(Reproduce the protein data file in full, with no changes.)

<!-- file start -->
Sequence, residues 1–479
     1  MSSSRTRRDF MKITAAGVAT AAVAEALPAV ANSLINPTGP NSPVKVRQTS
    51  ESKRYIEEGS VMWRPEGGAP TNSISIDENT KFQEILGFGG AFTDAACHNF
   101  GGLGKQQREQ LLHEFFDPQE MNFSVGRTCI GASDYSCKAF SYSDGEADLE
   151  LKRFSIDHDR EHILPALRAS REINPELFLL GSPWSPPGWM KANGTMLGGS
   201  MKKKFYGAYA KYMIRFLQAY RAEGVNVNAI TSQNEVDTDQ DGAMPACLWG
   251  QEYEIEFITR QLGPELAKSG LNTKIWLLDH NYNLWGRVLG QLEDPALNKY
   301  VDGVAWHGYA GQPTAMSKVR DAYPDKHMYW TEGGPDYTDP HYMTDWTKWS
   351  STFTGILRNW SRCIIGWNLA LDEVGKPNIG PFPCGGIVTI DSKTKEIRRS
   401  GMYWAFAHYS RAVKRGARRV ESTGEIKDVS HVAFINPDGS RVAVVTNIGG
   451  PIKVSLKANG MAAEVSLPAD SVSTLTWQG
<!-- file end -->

Sequence, residues 1–479
     1  MSSSRTRRDF MKITAAGVAT AAVAEALPAV ANSLINPTGP NSPVKVRQTS
    51  ESKRYIEEGS VMWRPEGGAP TNSISIDENT KFQEILGFGG AFTDAACHNF
   101  GGLGKQQREQ LLHEFFDPQE MNFSVGRTCI GASDYSCKAF SYSDGEADLE
   151  LKRFSIDHDR EHILPALRAS REINPELFLL GSPWSPPGWM KANGTMLGGS
   201  MKKKFYGAYA KYMIRFLQAY RAEGVNVNAI TSQNEVDTDQ DGAMPACLWG
   251  QEYEIEFITR QLGPELAKSG LNTKIWLLDH NYNLWGRVLG QLEDPALNKY
   301  VDGVAWHGYA GQPTAMSKVR DAYPDKHMYW TEGGPDYTDP HYMTDWTKWS
   351  STFTGILRNW SRCIIGWNLA LDEVGKPNIG PFPCGGIVTI DSKTKEIRRS
   401  GMYWAFAHYS RAVKRGARRV ESTGEIKDVS HVAFINPDGS RVAVVTNIGG
   451  PIKVSLKANG MAAEVSLPAD SVSTLTWQG